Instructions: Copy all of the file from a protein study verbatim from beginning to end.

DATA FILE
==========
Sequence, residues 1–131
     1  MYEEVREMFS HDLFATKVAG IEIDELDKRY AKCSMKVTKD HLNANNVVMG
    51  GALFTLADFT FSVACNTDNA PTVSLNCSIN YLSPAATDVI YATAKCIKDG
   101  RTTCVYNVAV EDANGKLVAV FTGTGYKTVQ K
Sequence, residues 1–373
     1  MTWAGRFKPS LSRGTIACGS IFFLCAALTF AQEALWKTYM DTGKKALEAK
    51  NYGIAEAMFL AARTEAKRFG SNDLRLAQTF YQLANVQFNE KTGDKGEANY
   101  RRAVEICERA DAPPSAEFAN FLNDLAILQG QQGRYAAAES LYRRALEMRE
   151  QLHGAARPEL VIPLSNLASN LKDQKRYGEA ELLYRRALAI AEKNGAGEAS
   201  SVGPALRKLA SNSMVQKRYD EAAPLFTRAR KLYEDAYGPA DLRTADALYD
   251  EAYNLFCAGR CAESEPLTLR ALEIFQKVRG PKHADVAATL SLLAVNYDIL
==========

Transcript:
Sequence, residues 1–131
     1  MYEEVREMFS HDLFATKVAG IEIDELDKRY AKCSMKVTKD HLNANNVVMG
    51  GALFTLADFT FSVACNTDNA PTVSLNCSIN YLSPAATDVI YATAKCIKDG
   101  RTTCVYNVAV EDANGKLVAV FTGTGYKTVQ K
Sequence, residues 1–373
     1  MTWAGRFKPS LSRGTIACGS IFFLCAALTF AQEALWKTYM DTGKKALEAK
    51  NYGIAEAMFL AARTEAKRFG SNDLRLAQTF YQLANVQFNE KTGDKGEANY
   101  RRAVEICERA DAPPSAEFAN FLNDLAILQG QQGRYAAAES LYRRALEMRE
   151  QLHGAARPEL VIPLSNLASN LKDQKRYGEA ELLYRRALAI AEKNGAGEAS
   201  SVGPALRKLA SNSMVQKRYD EAAPLFTRAR KLYEDAYGPA DLRTADALYD
   251  EAYNLFCAGR CAESEPLTLR ALEIFQKVRG PKHADVAATL SLLAVNYDIL